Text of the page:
home

Aeshna cyanea - Southern Hawker

Phylum: Arthropoda - Class: Insecta - Order: Odonata - Family: Aeschnidae

Aeshna cyanea, Southern Hawker dragonfly, male

This is a most inquisitive dragonfly and will often fly up close to the face of someone walking along a path in its territory.

Description

The male (see picture above) has mostly greenish spots along its upper abdomen apart from segments 8, which has blue spots, and segments 9 and 10, which have blue partial bands. There are also blue spots on the sides of the abdomen. The abdomen is slim and it is distinctly waisted just below the junction with the thorax.

Aeshna cyanea, Southern Hawker dragonfly

Females (see picture above) have slightly broader abdomens than males but are otherwise quite similar except that they have only green spots and complete bands on segments 9 and 10.

Aeshna cyanea, Southern Hawker dragonfly
Above: a newly-emerged male Southern Hawker resting on leaves of Yellow Flag Iris.

Distribution

The Southern Hawker is a very common sight in summer throughout England and Wales. This dragonfly is less common in the north and occurs in just a few locations in northern Scotland. There are no colonies of this dragonfly known in Ireland. On mainland Europe the Southern Hawker is most common in the central region, but its longitudinal range extends from southern Scandinavia right down into North Africa and its range eastwards extends into parts of Asia.

Habitat

The Southern Hawker breeds in garden ponds as well as in canals and lakes.

Closeup of head and thorax, Aeshna cyanea, Southern Hawker dragonfly

The head and thorax of a newly-emerged Southern Hawker.

Mainly seen flying over ponds, canals or slow-flowing streams or hawking along leafy country lanes, like other members of the Aeshna genus this beautiful insect flies for long periods without resting, which makes it a difficult creature to study and photograph.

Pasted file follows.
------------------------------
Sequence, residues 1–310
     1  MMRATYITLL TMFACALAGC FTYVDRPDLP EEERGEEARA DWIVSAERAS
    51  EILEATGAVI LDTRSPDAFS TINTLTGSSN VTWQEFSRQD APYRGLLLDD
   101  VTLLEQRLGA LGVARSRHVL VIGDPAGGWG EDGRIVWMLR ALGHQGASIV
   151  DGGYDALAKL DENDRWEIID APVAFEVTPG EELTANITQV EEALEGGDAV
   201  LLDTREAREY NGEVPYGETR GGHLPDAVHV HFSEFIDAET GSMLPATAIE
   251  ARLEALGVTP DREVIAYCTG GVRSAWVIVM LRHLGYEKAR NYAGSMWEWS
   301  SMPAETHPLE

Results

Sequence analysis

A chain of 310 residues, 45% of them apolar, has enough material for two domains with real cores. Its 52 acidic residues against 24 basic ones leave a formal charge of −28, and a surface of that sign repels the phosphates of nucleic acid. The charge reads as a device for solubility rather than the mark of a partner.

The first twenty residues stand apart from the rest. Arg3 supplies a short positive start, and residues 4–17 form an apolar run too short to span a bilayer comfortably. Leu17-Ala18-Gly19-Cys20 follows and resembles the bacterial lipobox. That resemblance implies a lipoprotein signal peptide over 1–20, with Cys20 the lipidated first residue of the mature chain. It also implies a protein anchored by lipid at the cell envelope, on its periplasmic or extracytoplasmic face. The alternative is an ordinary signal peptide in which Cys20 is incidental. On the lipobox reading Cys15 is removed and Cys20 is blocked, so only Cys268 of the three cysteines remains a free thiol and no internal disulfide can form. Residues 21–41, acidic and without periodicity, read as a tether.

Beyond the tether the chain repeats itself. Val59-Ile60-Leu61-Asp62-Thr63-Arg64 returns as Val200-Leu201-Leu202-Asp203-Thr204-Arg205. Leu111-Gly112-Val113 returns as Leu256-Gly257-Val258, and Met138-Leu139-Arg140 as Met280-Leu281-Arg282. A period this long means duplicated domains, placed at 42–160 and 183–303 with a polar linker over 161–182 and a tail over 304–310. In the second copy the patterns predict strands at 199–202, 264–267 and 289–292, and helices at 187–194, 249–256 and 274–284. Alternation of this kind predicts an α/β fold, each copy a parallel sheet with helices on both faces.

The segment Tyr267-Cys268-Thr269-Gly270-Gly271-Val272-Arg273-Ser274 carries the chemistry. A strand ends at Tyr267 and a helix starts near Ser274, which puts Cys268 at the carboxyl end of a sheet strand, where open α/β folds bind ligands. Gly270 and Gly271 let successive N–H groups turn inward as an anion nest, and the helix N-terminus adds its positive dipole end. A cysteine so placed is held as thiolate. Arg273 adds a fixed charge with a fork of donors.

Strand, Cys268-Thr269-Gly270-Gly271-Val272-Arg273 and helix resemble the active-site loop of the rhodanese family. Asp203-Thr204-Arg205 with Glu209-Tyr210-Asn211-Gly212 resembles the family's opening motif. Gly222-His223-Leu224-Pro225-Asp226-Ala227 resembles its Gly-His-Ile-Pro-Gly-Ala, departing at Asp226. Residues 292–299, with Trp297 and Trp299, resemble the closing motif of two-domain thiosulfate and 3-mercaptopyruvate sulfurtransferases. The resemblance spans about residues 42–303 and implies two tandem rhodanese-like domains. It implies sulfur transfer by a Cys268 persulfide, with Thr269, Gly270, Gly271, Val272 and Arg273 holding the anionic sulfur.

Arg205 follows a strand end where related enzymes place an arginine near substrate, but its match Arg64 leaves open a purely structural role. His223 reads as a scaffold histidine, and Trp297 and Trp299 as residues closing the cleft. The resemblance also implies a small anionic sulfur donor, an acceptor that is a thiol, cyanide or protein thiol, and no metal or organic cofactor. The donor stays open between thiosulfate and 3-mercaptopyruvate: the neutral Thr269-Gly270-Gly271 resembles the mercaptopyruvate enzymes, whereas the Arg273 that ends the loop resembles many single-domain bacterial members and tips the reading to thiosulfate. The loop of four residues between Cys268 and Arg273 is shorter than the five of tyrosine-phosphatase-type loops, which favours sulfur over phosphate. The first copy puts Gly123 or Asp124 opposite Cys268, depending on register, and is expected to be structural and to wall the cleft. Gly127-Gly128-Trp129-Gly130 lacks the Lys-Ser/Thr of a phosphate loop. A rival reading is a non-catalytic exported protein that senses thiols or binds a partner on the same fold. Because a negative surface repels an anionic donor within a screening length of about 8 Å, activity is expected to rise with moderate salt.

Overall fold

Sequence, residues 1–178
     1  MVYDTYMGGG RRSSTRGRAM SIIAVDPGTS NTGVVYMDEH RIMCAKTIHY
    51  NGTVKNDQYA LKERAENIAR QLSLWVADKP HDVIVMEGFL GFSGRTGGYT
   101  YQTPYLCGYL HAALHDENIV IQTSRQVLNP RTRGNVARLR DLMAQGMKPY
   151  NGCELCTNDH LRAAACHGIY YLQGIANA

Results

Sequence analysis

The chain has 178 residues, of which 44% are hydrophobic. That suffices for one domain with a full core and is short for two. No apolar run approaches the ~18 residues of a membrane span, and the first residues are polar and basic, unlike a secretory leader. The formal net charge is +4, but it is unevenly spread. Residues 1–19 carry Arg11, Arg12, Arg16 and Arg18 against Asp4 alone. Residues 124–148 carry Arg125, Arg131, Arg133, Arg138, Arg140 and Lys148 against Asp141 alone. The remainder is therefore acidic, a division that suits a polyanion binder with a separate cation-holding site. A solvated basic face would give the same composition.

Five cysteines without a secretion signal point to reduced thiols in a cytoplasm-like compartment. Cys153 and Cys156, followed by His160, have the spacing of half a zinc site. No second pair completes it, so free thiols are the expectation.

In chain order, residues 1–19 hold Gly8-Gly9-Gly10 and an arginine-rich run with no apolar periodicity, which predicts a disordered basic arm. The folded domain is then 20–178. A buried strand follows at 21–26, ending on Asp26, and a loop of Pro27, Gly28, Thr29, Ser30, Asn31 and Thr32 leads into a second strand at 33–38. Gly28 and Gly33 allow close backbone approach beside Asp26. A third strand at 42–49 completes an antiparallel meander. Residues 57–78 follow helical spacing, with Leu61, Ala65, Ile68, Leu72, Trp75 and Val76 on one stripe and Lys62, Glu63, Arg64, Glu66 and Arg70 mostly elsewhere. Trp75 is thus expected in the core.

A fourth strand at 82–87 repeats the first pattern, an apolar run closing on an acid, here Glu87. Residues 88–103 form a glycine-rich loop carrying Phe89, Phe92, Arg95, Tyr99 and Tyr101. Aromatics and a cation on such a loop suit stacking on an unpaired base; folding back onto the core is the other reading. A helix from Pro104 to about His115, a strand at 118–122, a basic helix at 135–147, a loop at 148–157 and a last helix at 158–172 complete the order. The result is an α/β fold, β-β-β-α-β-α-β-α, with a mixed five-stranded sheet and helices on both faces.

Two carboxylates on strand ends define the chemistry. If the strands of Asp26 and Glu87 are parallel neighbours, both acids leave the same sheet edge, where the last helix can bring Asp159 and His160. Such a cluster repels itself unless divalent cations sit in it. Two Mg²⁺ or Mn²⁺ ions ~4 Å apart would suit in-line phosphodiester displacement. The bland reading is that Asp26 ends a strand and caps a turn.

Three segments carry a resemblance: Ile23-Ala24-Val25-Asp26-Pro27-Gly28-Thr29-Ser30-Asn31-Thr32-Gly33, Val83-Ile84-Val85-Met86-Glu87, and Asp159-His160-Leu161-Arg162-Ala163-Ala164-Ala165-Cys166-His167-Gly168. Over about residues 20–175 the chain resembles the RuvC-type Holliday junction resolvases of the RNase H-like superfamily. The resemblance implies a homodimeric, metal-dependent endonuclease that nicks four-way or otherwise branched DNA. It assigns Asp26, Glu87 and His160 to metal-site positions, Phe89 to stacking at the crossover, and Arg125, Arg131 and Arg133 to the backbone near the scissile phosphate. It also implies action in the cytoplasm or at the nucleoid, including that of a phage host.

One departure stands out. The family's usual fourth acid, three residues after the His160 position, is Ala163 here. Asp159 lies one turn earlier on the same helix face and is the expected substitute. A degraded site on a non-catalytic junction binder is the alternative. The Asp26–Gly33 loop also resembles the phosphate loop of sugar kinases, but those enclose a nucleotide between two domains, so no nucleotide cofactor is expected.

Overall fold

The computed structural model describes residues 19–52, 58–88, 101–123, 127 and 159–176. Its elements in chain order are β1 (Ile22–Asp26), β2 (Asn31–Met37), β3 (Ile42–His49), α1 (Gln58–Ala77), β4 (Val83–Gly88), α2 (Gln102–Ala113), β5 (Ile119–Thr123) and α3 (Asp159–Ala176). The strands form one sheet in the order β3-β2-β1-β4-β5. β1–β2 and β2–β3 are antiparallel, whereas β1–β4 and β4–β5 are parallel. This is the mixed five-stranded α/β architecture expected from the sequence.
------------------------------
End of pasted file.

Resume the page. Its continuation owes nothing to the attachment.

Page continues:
Life Cycle

In Britain the Southern Hawker can usually be seen on the wing from mid June to mid October. The female lays her eggs in summer and early autumn by stabbing her ovipositor into rotting decaying marginal vegetation or rotting wood. The eggs lie dormant through the winter and then hatch in the following spring.

Larva of Aeshna cyanea, Southern Hawker dragonfly

Southern Hawker nymphs take three years to reach maturity, during which time they feed on small invertebrates including the nymphs and larvae of other insects as well as tadpoles and, when they can catch them, newborn newts (known as efts).

Acknowledgements

This page includes pictures kindly contributed by James Wainscoat.


Dead Drift, the latest novel by Pat O'Reilly

Fascinated by rivers, lakes and wild trout? Then you would really enjoy Pat O'Reilly's latest river-based thriller Dead Drift. All publisher profits and author royalties are being donated to support the Wild Trout Trust, helping communities to restore and protect wild trout populations and their habitats. Order your copy here...

Other nature books from First Nature...

© 1995 - 2021 First Nature: a not-for-profit volunteer-run resource

Please help to keep this free resource online...

Terms of use - Privacy policy - Disable cookies - Links policy